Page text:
Ego separates giver and receiver as having independent and, therefore, potentially conflicting motives. Jampolsky argues that “while we focus all of our attention on a weak and miserable self-image … we block our recognition of what we are. Therefore, we seem to experience all the feelings that a tiny body traveling through a dangerous and uncaring world would experience” (p. 90). We have all experienced people who appear to give freely their love, time, or attention but who are also alarmingly quick to pull those things right back when they are slighted. We have all been those people. Jampolsky’s message and that of A Course in Miracles is that giving doesn’t involve cost or sacrifice. “When we recognize that what is in the best interests of another is also of complete benefit to us, we gain inner tranquility … because for that moment we have left our personal hell behind” (p. 89). If giving and receiving are in fact the same, it makes no difference who occupies what role because egoless giving is joining.

As we begin to feel a sense of joining with another person, we seem to forget about ourselves. We become less concerned about our own feelings as we extend and expand. It is at this point that one feels the gift of giving and receiving becoming one. The supply is endless, and we become more and more full. (Robinson, n. d., p. 10)

Jampolsky suggests an alternative to the law of scarcity subscribed to by the ego: that love exists in infinite abundance. “The more we borrow from our store of love and peace, the more abundantly it grows” (p. 98).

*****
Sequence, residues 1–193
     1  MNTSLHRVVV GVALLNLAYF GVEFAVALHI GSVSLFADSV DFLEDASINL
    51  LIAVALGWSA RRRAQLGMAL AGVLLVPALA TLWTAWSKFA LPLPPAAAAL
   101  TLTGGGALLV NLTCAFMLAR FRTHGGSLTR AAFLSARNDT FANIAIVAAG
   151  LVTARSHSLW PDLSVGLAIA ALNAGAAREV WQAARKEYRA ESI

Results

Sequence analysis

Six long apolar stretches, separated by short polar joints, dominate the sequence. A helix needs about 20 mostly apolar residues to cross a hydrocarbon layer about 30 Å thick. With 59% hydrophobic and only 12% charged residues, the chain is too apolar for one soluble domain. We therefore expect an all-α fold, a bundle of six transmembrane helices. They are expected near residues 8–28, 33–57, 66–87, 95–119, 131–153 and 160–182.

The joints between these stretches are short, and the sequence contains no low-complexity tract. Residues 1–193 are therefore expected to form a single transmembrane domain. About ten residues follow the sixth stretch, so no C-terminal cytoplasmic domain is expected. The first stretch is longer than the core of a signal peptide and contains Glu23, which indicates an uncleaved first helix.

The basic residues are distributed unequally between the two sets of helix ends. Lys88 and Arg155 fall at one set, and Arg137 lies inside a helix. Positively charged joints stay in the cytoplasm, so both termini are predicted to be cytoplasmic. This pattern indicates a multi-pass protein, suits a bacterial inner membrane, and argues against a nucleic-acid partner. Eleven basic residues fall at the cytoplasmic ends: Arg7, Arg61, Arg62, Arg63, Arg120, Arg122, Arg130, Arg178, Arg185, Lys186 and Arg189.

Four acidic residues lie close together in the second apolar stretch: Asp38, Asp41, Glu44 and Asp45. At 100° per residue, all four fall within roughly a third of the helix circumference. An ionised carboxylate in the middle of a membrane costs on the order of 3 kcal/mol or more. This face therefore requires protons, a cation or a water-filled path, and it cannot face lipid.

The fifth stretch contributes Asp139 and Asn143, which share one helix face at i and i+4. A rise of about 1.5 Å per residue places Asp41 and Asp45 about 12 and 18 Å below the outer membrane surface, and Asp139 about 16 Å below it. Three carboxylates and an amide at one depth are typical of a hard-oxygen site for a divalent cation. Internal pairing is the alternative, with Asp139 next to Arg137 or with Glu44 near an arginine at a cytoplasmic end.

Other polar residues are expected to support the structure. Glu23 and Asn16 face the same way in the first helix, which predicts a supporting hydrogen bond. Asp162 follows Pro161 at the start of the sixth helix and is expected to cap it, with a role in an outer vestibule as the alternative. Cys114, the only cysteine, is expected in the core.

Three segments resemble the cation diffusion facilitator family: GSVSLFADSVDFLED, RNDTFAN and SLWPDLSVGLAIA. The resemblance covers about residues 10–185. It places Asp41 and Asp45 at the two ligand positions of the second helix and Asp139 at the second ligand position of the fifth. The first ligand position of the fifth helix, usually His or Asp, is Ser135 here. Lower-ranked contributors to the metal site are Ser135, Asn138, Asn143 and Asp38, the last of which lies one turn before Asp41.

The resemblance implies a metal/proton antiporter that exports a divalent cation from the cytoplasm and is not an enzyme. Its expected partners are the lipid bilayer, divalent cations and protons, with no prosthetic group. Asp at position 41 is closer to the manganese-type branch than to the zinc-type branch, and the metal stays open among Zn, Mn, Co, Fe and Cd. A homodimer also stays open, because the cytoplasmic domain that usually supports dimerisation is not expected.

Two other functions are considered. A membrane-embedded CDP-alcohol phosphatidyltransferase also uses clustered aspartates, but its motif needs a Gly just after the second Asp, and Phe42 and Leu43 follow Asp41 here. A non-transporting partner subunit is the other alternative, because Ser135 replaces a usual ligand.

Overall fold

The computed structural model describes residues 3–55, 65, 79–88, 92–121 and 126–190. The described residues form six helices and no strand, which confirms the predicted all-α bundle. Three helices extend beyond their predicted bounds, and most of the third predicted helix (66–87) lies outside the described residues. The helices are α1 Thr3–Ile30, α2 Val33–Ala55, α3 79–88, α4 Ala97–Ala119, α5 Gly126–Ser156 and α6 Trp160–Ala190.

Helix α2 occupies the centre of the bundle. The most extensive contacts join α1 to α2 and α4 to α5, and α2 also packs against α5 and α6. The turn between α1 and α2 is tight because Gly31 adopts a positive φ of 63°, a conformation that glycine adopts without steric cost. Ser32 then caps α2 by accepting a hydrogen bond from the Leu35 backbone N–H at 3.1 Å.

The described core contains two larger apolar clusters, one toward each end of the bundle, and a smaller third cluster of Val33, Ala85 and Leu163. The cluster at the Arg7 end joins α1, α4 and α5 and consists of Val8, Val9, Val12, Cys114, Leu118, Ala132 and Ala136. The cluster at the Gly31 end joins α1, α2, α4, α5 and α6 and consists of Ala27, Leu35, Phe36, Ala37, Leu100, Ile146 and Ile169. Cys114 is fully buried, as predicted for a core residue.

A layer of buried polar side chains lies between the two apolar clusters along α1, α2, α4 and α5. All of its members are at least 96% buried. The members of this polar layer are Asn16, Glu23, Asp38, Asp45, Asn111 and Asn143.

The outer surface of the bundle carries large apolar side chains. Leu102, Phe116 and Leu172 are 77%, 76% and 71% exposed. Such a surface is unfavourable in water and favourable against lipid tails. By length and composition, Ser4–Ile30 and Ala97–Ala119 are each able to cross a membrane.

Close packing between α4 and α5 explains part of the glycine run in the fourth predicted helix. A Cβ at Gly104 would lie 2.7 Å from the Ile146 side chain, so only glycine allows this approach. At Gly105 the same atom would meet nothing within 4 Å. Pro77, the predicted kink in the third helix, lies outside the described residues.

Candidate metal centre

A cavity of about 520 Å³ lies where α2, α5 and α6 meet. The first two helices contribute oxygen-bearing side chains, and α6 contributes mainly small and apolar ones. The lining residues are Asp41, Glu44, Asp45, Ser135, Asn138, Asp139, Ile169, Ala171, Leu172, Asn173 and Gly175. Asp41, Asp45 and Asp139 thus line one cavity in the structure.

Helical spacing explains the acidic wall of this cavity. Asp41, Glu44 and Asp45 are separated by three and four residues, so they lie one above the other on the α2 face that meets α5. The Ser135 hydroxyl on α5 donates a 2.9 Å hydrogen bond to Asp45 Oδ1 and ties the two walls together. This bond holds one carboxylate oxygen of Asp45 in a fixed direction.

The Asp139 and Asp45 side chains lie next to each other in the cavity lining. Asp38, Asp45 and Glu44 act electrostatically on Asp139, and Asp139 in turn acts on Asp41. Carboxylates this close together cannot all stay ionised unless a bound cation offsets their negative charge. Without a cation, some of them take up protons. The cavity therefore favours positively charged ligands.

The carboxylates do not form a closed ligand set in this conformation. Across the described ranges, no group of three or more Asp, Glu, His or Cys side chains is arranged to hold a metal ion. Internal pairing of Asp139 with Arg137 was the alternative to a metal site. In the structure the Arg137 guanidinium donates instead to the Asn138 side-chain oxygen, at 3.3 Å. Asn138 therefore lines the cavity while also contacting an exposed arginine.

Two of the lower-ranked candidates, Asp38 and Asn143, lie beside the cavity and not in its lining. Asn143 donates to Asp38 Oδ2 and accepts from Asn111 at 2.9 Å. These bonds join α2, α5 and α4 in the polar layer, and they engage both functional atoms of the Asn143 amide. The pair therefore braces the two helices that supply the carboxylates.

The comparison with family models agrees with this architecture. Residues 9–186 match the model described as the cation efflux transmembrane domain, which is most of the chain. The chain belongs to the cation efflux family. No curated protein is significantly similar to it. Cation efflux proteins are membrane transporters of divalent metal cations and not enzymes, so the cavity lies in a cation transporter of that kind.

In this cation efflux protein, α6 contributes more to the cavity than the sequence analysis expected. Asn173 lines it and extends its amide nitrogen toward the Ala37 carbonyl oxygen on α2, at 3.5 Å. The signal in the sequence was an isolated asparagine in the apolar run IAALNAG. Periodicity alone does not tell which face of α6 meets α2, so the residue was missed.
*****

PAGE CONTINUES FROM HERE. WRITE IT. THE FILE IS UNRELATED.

One of the lessons in A Course in Miracles is designed to help us practice and learn that giving and receiving are one. In the lesson, we are instructed to give everyone peace, quietness, and gentleness and expect to receive the same in return. I’ve felt this in only moments of time but those moments remind me of who I am.

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Rilke

Rainer Maria Rilke has been a favorite of mine for as long as I can remember loving poetry. This has moved me more than any other.

Dove that ventured outside, flying far from the dovecote:
housed and protected again, one with the day, the night,
knows what serenity is, for she has felt her wings
pass through all distance and fear in the course of her wanderings.

The doves that remained at home, never exposed to loss,